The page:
Why is ‘dirty wellness’ a hot topic? Exploring this travel trend for embracing the simple life and getting your hands dirty—literally

July 4, 2022

If you live in a city, spend a lot of time indoors or are a devoted hand sanitizer user, chances are you’re not getting your hands too dirty very often. But what if getting your hands literally in dirt is good for you? Enter the “dirty wellness” trend, which is focused on experiences that cultivate the connection between soil and human health. 

Research has shown that interactions with soil can provide various health benefits, from those positive feelings that arise when planting seeds in a garden, to a decrease in allergies and inflammatory disorders. Whether it’s soil-dwelling bacteria that boosts serotonin, or how the health of soil can impact human immune systems and wellbeing, the benefits of soil exposure are sparking a growing interest in soil-based or “farm-adjacent” wellness experiences. Unlike the World Wide Opportunities on Organic Farms effort—which helps facilitate homestays on organic farms by volunteering for weeks or months in exchange for food and board—the dirty wellness trend focuses on short-term experiences or those closer to home. 

The benefits of trading city life for the simple life. 

“We believe it all starts in the soil,” says Anais Dervaes, Executive Director of the Urban Homestead Institute and co-founder of Urban Homestead, a family-run farm and garden in Pasadena, California. “If the soil’s not well—like a human, if you’re not well—you’re susceptible to things. The soil nourishes the plant.”

Since 2010, Urban Homestead has hosted farm tours and workshops for the community on topics from gardening and growing soil to bee-keeping and raising chickens. “There are things in the world that you can’t control, but the garden and this [farm] life keeps you grounded. When people are here, they’re happy. It seems like their cares leave them,” Dervaes says. “They’re marveling at the growth and beauty. There’s a sense of awe at how in these times, we can still survive and thrive.”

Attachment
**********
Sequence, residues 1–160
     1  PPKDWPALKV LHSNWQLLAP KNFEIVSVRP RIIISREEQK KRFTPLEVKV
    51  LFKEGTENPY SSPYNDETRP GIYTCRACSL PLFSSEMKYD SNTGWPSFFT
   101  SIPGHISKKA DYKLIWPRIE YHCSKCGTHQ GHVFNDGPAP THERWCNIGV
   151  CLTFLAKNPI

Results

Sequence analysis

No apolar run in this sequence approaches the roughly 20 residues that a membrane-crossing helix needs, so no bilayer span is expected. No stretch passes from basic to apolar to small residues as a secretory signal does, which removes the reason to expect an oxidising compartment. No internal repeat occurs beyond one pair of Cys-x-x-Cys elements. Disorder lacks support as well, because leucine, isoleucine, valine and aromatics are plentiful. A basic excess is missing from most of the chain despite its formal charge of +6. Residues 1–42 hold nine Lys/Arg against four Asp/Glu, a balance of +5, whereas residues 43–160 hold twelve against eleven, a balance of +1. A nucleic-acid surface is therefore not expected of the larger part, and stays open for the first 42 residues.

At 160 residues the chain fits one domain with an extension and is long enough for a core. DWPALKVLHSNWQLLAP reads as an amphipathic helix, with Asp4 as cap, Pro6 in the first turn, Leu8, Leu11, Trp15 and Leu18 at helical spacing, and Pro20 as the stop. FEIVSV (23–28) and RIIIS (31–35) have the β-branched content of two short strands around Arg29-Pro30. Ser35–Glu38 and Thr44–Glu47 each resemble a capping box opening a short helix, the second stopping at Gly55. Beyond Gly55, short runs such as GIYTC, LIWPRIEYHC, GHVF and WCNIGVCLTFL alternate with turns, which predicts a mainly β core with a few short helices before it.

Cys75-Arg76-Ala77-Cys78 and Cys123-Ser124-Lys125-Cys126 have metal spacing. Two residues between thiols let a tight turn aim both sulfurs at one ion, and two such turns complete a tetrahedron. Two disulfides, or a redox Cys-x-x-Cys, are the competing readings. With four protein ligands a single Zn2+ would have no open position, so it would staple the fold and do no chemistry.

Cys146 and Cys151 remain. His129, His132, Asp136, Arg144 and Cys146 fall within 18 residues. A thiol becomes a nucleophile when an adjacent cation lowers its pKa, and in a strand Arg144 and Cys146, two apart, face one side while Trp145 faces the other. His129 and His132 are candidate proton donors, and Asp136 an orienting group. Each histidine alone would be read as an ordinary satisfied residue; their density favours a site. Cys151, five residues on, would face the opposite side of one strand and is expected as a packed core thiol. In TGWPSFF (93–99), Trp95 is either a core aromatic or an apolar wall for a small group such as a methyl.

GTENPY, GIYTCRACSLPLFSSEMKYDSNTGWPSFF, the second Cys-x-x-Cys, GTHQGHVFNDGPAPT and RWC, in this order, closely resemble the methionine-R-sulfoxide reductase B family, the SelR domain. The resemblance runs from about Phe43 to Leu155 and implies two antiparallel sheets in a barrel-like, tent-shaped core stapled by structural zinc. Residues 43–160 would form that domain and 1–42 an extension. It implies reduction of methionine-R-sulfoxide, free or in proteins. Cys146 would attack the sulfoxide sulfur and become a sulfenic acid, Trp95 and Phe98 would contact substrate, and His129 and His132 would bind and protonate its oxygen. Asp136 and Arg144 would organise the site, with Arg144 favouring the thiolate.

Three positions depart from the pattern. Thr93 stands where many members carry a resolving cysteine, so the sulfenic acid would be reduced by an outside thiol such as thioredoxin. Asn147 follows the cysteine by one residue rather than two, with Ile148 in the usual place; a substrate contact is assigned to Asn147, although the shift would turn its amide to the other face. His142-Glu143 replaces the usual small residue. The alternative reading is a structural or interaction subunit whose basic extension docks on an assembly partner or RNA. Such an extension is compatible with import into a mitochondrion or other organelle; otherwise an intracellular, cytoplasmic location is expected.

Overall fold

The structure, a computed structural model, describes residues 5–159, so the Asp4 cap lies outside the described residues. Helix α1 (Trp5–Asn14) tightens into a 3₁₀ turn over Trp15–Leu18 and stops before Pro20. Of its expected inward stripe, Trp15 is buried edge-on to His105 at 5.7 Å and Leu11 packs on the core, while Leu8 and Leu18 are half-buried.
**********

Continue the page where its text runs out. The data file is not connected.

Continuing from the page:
Better soil, better food, better you. 

As a supplier of fresh produce for restaurants and catering companies, the farm practices biointensive, regenerative growing methods and has cultivated nutrition-rich soil after decades of composting and mulching. “People have said that they taste the difference in our plants,” Dervaes says. “It’s the soil and the minerals that come through in the nutrient-dense food that they’re eating.” 

The nutritional benefits of regenerative soil practices are embraced by the farm-to-table movement, so it’s also no surprise that farmstays and ingredient-driven hotels have curated experiences that connect the culinary and wellness benefits of soil. 

Farmstays: The new luxury vacation? 

Ready to get your hands dirty? Farmstays such as Blackberry Farms in eastern Tennessee offer activities such as the Farmstead Field School, which features tours of the farm, classes with the farm’s master gardener, and artisan cooking classes using ingredients grown on the property. Hospitality startup Sagra—which operates regenerative farms such as Stemple Creek Ranch in Tomales, California, Hill Farm in Vermont, and Livingston Farm in upstate New York—invites guests to participate in farm and ranch activities, while also feasting on Michelin-worthy meals harvested that day. “While the invaluable work of farmers and microbes is happening in the ground, we invite you to share in the bounty, celebrate the beauty of these places and get excited about being a part of it,” Sagra’s mission states. 

If you aren’t able to visit a nearby farm or travel to one, Dervaes says that you can still reap the same benefits of dirty wellness’ soil-exposure philosophy by tending your own garden, whether it’s in your backyard or on a kitchen windowsill. “We all can’t move to ten acres,” she says. “But if we can all take small steps, it’ll have a big impact.” 

References for this information: 
Psychopharmacology, May 2019 
Sage Journals, June 2020

About the Author

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Enid Portuguez is an L.A.-based writer and editor. Her work has appeared in the Los Angeles Times, InStyle and The Daily Beast. She is also the Director of Communications and Events at the Writers Guild Foundation.